Most U.S. colleges and universities are not conducting widespread coronavirus tests despite the rise of cases on campuses, according to an NPR analysis.
Data of more than 1,400 colleges compiled by the College Crisis Initiative at Davidson and analyzed by NPR show that more than 2 in 3 colleges with in-person classes have no testing plan or are doing limited testing for only students at risk.
Universities with high numbers of COVID-19 cases and “no clear plan” include Virginia Polytechnic Institute and State University (29,300 undergraduate students enrolled), Troy University (12,995 undergraduate students enrolled) and Southeast Missouri State University (9,524 undergraduate students enrolled).
The University of Alabama has the highest average number of daily cases with 82.6 per 100,000 in the county containing the college. The university is conducting random surveillance testing, according to its website.
Despite measures to keep schools safe, many students and staff raised concerns before campuses reopened.
“So you’re telling me that we can’t control the spread of covid between 42 people on campus during orientation, but we’re going to bring 20,000+ students to that same space in 3 weeks?? I want to be back @MissouriState. But we need more than a vague plan to get us there,” tweeted Jasmine Crawford from Missouri State University.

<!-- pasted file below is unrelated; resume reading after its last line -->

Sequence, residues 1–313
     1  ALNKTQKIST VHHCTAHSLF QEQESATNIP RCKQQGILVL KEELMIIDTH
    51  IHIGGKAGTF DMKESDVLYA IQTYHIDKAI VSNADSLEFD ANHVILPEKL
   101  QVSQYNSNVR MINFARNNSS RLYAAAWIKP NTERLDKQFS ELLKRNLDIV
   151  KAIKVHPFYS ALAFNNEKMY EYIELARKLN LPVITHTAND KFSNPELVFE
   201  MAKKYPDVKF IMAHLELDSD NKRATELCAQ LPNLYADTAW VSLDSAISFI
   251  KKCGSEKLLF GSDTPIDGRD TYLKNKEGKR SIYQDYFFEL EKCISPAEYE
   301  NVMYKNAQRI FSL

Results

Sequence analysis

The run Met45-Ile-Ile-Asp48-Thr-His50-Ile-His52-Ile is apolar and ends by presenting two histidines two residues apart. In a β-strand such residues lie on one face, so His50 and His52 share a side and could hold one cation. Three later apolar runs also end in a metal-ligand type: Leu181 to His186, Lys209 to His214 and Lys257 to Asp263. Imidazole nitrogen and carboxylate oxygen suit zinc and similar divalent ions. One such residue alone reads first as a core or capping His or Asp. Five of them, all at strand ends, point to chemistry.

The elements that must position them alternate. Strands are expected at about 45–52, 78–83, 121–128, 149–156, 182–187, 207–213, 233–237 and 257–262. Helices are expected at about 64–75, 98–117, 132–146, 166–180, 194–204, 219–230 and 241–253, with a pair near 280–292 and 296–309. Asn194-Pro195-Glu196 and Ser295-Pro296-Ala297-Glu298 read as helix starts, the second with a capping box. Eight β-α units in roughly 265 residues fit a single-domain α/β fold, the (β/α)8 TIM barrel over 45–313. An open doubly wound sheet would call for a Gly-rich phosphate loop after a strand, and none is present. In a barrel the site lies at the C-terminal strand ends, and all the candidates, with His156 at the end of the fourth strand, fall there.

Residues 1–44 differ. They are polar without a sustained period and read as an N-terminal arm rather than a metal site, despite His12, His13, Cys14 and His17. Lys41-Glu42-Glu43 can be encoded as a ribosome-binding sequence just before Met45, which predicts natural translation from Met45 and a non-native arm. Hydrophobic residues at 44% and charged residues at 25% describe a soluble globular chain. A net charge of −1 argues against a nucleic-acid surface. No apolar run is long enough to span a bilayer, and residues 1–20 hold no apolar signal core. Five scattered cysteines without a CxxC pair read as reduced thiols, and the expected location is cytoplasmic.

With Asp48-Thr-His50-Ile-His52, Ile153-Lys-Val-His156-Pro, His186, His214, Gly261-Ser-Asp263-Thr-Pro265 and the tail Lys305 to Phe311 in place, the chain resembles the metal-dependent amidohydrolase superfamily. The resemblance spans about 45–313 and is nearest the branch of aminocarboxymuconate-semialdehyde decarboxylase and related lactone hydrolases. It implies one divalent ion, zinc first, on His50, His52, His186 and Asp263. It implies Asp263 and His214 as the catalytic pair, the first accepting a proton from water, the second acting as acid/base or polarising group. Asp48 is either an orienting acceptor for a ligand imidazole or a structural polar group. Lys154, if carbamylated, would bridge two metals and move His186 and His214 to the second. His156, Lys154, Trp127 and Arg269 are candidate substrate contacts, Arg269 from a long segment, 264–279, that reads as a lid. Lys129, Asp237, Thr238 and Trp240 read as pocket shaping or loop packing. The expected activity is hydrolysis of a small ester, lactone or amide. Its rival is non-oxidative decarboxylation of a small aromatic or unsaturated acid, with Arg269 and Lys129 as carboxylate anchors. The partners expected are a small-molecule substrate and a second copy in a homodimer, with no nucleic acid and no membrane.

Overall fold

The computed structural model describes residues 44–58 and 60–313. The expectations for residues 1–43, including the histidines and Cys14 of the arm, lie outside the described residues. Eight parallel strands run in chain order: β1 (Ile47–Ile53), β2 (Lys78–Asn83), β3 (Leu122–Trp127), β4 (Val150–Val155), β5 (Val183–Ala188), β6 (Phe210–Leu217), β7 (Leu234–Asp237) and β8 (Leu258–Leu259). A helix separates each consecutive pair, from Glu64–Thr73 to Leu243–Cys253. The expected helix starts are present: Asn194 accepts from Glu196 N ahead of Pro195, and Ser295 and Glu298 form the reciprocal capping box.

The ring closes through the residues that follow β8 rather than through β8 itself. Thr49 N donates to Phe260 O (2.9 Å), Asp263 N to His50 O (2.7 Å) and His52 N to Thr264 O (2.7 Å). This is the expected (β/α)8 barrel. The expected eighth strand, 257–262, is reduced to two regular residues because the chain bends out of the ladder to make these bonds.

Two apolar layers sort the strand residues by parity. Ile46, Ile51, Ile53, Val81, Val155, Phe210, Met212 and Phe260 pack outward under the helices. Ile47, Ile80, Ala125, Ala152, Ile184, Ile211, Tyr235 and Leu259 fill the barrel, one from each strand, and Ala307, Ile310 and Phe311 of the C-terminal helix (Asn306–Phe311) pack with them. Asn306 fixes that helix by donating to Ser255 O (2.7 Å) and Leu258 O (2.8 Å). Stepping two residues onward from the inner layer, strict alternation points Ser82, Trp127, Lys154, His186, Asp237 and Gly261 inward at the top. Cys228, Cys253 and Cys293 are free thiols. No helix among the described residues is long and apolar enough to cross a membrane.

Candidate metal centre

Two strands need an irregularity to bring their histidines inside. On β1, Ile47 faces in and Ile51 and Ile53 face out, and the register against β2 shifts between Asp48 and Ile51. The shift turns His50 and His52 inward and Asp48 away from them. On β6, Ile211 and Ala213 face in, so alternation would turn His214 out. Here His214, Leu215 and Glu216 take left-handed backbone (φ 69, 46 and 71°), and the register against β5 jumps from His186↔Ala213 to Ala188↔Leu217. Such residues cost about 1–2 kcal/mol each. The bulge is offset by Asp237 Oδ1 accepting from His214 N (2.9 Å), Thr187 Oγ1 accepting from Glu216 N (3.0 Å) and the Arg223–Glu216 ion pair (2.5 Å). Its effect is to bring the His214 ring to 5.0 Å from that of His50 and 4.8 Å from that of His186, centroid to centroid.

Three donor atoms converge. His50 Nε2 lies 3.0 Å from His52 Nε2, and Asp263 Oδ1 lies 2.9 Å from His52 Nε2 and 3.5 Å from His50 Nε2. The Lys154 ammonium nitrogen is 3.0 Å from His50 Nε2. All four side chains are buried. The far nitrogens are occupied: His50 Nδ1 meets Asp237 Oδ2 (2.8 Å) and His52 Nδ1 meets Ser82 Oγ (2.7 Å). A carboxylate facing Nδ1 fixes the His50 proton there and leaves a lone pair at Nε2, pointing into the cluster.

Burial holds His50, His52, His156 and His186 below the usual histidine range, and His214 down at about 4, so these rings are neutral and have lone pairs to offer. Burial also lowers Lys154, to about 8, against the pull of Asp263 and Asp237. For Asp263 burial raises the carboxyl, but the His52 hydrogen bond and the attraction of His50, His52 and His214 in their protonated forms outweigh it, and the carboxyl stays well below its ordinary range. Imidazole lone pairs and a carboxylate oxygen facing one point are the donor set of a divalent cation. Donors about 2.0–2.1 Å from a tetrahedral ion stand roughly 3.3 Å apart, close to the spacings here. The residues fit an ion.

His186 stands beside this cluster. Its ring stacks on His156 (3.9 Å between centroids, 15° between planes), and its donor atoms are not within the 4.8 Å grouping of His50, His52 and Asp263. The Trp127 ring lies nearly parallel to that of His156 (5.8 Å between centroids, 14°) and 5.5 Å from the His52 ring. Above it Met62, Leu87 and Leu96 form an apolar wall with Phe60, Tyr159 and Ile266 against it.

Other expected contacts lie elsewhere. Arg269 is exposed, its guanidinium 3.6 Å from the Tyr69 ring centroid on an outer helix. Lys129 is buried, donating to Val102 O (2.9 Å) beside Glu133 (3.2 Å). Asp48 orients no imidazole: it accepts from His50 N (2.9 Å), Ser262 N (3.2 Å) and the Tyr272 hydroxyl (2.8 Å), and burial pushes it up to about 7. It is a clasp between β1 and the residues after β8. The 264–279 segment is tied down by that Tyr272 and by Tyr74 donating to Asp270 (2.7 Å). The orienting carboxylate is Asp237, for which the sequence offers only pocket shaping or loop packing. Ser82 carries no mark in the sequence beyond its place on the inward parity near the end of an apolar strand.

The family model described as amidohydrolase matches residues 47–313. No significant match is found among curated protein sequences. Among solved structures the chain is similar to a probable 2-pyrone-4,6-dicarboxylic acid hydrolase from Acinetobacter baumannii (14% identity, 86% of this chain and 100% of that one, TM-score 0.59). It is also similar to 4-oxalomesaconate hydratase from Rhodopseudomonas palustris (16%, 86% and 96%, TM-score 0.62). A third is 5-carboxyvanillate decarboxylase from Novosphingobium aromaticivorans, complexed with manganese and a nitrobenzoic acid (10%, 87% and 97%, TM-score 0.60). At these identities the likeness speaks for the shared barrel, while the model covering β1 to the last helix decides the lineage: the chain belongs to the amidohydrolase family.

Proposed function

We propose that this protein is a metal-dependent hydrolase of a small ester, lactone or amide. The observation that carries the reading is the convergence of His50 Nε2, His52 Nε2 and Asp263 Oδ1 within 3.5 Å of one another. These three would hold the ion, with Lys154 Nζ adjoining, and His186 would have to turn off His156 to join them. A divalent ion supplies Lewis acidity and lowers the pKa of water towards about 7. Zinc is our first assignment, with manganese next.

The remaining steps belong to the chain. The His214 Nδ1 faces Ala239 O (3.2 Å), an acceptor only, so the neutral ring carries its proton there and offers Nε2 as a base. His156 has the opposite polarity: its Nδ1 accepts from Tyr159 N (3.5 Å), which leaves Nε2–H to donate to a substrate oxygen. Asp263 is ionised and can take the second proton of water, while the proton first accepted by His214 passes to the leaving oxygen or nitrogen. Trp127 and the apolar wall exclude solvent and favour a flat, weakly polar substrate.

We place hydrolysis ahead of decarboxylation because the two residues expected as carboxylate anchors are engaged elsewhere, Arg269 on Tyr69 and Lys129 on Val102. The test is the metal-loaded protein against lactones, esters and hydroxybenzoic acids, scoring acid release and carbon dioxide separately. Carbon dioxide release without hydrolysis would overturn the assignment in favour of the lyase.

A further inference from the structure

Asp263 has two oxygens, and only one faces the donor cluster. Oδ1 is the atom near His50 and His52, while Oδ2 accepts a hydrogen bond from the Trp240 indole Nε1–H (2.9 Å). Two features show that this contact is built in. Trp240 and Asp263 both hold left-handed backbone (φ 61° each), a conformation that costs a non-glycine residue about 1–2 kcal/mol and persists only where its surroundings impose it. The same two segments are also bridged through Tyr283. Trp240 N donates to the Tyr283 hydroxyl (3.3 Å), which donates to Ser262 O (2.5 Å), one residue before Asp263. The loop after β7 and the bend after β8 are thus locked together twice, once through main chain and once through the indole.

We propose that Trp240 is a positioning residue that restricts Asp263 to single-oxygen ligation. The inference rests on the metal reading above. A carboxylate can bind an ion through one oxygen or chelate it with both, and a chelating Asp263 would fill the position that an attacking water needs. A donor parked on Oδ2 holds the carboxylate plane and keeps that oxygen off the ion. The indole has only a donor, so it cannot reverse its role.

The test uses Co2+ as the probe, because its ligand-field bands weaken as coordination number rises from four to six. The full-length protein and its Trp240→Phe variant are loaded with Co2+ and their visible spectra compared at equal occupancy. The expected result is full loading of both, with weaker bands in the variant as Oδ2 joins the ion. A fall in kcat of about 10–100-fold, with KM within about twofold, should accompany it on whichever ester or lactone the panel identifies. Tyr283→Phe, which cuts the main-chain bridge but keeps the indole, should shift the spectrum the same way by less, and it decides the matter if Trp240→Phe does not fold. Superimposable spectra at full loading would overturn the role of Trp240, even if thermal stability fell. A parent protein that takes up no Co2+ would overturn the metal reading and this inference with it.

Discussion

“Friday night in State College, PA. @GovernorTomWolf we need another lockdown. @pennstate you may be able to enforce social distancing on campus, but students in State College = students in bars. Take that into account,” tweeted Sage McKeand, an undergraduate student at Penn State University.
In June, more than half of 7,234 Purdue University faculty and staff reported they “felt unsafe about returning to campus for a fall semester with in-person classes,” according to The Indianapolis Star.
Over 90% said they were “not confident students would ‘socially distance appropriately outside the classroom (e.g., on weekends, at bars and parties).’ ”
Sherry Pagoto, a clinical psychologist at the University of Connecticut, surveyed college students about returning to campus in July, and found that the students that responded to their survey agreed that the required 14-day quarantine before the semester started was “not realistic” and “will likely fail.”